Treadle sewing machines are traditionally identifiable by their distinctive human-powered pedal mechanism. Instead of a standard electrical pedal, the old treadle machines had a foot-operated platform (called a treadle) located near the floor. The platform is often made of cast iron and rests between the iron supports under the sewing machine.
Several people are credited with the invention of the treadle-style machine, but Isaac Singer was at the forefront of production and marketing in 1851 with the rigid-arm treadle machine. This type of sewing machine was a break-through in sewing technology because it freed the user’s hands to better control the fabric. Previous to the invention of the treadle, models featured a hand-crank that powered the needle.
The Singer company and the White company were the primary makers of treadle sewing machines in the early to mid-1900s. White machines are less commonly found today than the Singer models, as Singer was a more aggressive company at the time. The National Sewing Company made many machines with different brand names, as did other companies including New Home, Davis, Standard, Free and Mason.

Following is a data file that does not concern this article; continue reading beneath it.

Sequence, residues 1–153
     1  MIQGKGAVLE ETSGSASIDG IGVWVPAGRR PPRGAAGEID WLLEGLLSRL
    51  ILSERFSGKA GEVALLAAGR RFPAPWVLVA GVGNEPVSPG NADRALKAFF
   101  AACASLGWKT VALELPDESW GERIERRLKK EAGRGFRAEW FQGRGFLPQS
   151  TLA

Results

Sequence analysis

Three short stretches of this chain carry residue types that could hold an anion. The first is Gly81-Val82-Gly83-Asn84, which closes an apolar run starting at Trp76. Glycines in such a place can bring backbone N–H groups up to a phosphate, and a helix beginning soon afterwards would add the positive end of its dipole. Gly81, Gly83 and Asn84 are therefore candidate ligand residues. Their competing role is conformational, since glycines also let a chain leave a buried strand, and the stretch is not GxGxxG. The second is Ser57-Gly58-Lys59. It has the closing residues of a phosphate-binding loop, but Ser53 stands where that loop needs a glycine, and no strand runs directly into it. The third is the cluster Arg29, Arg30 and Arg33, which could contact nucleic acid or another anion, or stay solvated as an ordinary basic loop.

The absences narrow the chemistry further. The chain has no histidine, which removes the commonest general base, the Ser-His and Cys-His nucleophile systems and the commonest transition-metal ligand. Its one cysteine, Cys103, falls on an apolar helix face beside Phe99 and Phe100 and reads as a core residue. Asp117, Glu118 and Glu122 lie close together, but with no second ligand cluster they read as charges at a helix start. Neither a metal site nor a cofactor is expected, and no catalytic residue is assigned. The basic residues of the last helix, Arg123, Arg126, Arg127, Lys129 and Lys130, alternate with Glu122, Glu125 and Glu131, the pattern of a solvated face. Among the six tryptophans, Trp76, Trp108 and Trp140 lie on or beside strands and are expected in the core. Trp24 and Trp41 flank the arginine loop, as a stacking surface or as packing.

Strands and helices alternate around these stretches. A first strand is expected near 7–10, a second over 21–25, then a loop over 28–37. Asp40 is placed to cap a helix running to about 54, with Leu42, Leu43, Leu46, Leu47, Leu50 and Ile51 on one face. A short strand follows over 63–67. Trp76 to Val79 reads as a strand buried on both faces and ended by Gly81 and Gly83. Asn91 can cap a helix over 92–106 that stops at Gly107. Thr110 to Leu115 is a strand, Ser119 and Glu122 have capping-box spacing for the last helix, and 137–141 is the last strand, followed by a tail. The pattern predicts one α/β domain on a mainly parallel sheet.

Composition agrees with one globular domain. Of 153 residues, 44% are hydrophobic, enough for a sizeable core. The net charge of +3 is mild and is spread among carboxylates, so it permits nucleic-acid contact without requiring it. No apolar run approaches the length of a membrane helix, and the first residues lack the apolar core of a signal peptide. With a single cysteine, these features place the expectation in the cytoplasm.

Janome makes a new version of the treadle machine, a non-electric, foot-powered model that is sold separately from the treadle cabinetry. A few non-name-brand new treadle machines are available on the Internet and can be found using any search engine.
Singer machines are a safer bet if you are looking to actually use the machine, because more Singer parts are currently available than parts for other brands. Some machines come with a cabinet, but not all brands of cabinets will be interchangeable with machines.
A quality, sewing-grade oil is required to maintain treadle sewing machines. Regular oiling of every place where moving parts rub together will keep the machine ready for use.